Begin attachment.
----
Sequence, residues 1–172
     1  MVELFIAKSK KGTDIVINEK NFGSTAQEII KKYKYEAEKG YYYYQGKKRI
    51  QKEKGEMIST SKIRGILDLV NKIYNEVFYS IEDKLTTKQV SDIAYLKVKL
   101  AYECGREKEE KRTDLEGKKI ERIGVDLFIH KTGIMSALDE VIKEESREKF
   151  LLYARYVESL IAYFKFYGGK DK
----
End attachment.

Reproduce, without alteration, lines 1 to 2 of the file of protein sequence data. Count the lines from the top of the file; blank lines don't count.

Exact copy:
Sequence, residues 1–172
     1  MVELFIAKSK KGTDIVINEK NFGSTAQEII KKYKYEAEKG YYYYQGKKRI